Print Envelopes from a Windows PC - dummies

By Dan Gookin

Most printers have an envelope slot, feeder, or tray. The better printers even let you stack up envelopes for mass mailings. Finding the tray is the first step in printing an envelope. The second step is to ensure that the envelope is properly oriented.

If the printer has icons for envelope orientation, heed them. When the printer lacks icons, print a sample envelope and see where the address shows up. This trick helps you determine how to orient the envelope, though you may have to complete one or two more sample runs before you get the orientation just right.

After working through envelope orientation, your next task is getting your software to print an envelope. It’s not as difficult as it sounds: An envelope is merely a sheet of paper; one of a specific size. Use the Page Setup dialog box to choose the envelope size from the list of paper sizes. Ta-da! Just format the envelope “document” accordingly and then print.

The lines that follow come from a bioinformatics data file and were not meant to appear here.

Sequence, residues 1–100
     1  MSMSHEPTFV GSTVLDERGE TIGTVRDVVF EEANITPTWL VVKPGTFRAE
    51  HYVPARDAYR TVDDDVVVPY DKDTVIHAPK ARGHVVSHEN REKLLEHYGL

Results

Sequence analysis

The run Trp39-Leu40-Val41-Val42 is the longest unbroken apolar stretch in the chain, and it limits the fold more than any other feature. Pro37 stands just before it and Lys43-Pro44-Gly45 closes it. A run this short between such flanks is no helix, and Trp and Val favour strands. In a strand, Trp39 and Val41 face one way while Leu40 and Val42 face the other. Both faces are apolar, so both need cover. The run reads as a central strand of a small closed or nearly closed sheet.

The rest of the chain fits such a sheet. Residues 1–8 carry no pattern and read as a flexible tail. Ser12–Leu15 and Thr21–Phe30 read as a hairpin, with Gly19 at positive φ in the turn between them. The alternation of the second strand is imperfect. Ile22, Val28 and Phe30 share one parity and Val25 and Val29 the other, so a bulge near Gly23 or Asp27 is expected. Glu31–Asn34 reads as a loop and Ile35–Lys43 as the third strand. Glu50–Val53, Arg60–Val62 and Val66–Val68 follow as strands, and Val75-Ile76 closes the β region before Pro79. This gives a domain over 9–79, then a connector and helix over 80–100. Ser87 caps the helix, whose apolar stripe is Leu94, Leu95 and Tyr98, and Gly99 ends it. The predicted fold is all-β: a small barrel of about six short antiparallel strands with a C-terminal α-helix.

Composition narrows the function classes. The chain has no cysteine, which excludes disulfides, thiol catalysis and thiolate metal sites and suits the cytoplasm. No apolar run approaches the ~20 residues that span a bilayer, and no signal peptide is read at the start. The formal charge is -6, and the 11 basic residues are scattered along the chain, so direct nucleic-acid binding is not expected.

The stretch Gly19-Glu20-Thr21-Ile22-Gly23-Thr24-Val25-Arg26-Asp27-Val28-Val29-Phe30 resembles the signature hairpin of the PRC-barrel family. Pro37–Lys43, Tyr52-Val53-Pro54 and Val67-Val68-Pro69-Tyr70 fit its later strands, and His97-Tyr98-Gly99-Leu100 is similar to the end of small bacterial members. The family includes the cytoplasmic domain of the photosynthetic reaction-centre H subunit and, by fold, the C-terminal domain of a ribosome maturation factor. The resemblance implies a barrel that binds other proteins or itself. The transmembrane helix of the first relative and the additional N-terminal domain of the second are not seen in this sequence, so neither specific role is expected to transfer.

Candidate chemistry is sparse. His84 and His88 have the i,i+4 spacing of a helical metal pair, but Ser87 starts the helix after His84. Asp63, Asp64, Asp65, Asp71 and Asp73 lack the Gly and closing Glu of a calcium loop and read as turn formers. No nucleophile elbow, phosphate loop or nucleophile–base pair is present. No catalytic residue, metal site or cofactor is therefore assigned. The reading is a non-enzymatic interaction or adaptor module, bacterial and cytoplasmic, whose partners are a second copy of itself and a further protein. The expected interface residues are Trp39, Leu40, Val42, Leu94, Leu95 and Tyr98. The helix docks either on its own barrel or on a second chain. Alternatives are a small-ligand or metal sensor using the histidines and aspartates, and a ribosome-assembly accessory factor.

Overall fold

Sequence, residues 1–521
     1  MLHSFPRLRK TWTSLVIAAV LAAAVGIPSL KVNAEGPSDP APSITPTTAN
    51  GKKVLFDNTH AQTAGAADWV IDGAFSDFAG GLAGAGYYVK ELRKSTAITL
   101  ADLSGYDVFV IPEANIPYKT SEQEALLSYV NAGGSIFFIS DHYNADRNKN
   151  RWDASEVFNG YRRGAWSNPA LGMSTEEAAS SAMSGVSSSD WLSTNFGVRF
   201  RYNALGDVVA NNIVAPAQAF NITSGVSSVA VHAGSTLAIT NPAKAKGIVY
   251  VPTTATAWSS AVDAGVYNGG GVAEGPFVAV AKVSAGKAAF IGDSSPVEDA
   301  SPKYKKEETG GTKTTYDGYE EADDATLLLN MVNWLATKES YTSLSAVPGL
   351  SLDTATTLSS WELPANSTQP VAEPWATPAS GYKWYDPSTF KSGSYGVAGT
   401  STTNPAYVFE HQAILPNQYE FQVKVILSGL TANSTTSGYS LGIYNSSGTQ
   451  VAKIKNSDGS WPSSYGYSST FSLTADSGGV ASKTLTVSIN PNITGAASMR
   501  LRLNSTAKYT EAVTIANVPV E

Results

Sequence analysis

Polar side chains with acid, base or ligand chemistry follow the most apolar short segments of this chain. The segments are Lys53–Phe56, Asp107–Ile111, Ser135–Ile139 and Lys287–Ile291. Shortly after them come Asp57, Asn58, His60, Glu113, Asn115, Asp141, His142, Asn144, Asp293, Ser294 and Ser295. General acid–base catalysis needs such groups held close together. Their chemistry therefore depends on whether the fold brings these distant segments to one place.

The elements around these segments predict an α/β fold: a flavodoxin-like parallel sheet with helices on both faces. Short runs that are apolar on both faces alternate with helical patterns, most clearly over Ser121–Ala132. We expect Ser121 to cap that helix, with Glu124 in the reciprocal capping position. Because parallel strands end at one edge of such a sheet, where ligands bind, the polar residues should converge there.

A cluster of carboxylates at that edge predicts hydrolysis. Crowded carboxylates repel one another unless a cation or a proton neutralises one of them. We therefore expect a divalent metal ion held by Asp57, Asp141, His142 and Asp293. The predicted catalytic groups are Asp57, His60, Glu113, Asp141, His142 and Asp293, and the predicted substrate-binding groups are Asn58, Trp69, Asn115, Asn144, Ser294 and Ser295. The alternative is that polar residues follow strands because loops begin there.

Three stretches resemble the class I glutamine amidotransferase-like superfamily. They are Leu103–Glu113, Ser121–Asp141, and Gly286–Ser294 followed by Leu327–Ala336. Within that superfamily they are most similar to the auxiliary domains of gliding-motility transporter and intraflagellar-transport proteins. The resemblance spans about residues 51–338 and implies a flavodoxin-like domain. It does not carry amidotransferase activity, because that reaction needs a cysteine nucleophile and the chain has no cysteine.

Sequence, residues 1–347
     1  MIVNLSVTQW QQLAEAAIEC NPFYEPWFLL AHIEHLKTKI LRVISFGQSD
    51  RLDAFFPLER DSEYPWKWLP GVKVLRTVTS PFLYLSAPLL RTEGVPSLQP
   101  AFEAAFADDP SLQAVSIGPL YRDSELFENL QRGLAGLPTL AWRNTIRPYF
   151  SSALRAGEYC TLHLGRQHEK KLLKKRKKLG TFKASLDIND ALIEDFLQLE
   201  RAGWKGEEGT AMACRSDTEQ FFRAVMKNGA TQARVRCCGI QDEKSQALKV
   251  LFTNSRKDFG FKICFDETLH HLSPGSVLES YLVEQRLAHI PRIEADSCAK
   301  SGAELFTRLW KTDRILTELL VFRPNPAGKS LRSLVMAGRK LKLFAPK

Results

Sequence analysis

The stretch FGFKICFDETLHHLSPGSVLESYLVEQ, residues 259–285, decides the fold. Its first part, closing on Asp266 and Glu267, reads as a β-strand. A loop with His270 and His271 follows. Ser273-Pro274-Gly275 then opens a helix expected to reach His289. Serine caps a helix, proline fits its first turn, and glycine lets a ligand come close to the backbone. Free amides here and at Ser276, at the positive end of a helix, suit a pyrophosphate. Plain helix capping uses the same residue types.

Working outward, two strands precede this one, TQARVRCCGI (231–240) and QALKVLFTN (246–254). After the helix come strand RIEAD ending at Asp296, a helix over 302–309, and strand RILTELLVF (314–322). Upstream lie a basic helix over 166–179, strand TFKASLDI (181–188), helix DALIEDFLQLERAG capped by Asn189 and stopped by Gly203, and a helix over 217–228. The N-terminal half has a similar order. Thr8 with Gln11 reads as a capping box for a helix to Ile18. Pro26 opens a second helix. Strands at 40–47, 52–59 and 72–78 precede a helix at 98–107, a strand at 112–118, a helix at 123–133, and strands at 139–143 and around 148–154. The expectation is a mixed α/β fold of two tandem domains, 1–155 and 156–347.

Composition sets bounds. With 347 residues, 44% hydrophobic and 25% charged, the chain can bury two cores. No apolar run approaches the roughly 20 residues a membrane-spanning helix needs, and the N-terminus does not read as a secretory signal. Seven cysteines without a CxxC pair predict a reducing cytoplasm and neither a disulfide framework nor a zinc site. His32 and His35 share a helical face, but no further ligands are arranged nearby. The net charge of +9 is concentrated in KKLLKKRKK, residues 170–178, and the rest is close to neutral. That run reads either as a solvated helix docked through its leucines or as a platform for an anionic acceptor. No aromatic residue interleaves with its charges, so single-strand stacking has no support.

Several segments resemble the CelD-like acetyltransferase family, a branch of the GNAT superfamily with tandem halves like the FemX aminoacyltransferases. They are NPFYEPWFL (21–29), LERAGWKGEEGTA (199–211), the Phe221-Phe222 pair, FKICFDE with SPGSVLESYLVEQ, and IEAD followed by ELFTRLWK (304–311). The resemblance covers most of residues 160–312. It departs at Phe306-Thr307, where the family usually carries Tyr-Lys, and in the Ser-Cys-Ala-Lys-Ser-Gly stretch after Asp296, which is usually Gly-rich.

• High-end printers often feature an envelope-feeder option, which allows a massive number of envelopes to be shot through the printer at a time.

  • Some applications feature an Envelope command, which can be used to print a single envelope or more. In Microsoft Word, use the Envelopes button in the Create area on the Mailings tab. (In older versions of Word, you use the Tools→Envelopes and Labels command and click the Envelopes tab in the dialog box.)

  • Those peel-and-close envelopes work best in a laser printer. Because a laser printer uses heat to fuse the toner to the paper, the heat can also seal an empty envelope.